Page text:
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The team gets out and take a closer look at a cluster of smaller stones.
Photo Credit: Constantine Tsang
The team gets out and take a closer look at a cluster of smaller stones.

Little Pieces of Outer Space on the Frozen Continent (Cont.)

“As a rock from space falls through the Earth’s atmosphere, and it starts to burn up, they form this black fusion crust. The silica basically starts melting and reforms a coat that’s extremely black and shiny,” said Tsang. “You have this very black patina that forms on these meteorites against the white or blue backdrop of the ice, so it makes searching much easier for us.”

Meteorites stand out against the other terrestrial rocks because of their smooth, dark fusion crust
Photo Credit: Constantine Tsang
Meteorites stand out against the other terrestrial rocks because of their smooth, dark fusion crust.

This black outer layer stands out starkly against the white and blue ice it rests on. Even when there are other rocks nearby, it lets the meteorites stand out.

“The fusion crust is definitely the best, telltale sign,” said Crapster-Pregont. “Otherwise, you get really familiar with the terrestrial rocks, and if a rock doesn’t look like any of the terrestrial rocks in the area that you have ever seen, then it’s most likely an extraterrestrial rock or a meteorite of some kind.”

Though there are countless meteorites throughout the continent, they’re sparsely distributed. So in order to collect an appreciable amount of samples, the team members have to cover a lot of ground.

The majority of the time the team is hunting for samples from the back of their snow machines. The team members ride in a grid pattern, with snowmobiles usually spaced about 30 feet apart. Everyone keeps their eyes on the ground, looking for any dark lumps sticking out against the blue ice. It’s a carefully planned, systematic search so that future teams can come in and fill in gaps during subsequent seasons.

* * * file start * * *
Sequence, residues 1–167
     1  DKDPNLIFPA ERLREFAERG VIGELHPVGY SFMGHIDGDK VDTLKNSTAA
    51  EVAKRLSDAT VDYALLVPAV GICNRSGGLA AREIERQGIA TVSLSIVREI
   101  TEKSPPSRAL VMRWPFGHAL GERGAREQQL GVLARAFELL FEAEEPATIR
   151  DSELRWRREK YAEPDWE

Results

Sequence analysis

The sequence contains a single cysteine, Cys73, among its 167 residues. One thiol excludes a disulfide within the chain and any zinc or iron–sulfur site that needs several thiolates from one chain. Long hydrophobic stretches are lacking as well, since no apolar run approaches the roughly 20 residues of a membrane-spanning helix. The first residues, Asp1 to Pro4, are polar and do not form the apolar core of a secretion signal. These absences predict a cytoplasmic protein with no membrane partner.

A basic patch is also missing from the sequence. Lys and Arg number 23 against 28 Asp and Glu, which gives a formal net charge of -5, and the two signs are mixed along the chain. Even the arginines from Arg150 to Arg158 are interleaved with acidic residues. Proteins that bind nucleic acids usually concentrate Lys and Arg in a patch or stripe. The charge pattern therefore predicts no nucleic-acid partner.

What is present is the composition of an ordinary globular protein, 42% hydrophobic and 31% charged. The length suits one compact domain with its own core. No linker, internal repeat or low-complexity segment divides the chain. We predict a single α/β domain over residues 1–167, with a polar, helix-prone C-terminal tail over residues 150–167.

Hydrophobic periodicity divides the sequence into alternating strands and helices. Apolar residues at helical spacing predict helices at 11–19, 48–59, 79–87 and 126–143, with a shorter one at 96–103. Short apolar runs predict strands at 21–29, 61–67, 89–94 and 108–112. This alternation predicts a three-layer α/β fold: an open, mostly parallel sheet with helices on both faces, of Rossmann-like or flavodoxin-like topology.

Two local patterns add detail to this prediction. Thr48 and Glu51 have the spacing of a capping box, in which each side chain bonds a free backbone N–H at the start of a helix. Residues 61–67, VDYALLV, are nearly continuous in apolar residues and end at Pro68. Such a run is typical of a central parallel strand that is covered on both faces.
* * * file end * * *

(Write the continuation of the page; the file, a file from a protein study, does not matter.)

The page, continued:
“Mostly we’re cruising around on snowmobiles,” Martinez said. “Sometimes we go to areas where there are higher concentrations of terrestrial rocks, like the moraines, and in those places we’ll get off the snowmobiles and search on foot.”

For eight hours a day, they drove along at about five miles an hour, scanning the ice. When they come across anything unusual, they’ll go in for a closer look. No sample is too small to be investigated.

Every few weeks a plane would fly in and restock the camp
Photo Credit: Constantine Tsang
Every few weeks a plane would fly in and restock the camp.

“Every time that we see a rock, we stop,” Lanza said. “When we think we found a meteorite you make the international sign for ‘come here’ which is waving your arms in an X.”

If the rock looks promising, they’ll collect it and send it back to the United States for full identification.

Without ever touching the sample directly, members of the team photograph it, write down a few notes about its surroundings and estimate its dimensions before using tongs to place it in a sterilized plastic bag with an identification tag. After it’s bagged and tagged, each sample is carefully placed in the collection box, and the team resumes their search.

At the end of the season, all of the samples are flown in a refrigerated shipping container back to McMurdo Station, where they’re kept in sub-zero temperatures, until the container is loaded onto a cargo vessel headed to Port Hueneme in California. While still frozen, they’re driven halfway across the country to the Johnson Space Center in Houston Texas.

The idea is to build up as large a library as possible of samples from the far reaches of the solar system.

Once they reach the center’s meteorite lab, scientists start to analyze them more carefully to determine what kinds they are and where in the solar system they may have originated. They’ll get catalogued, and carefully thawed.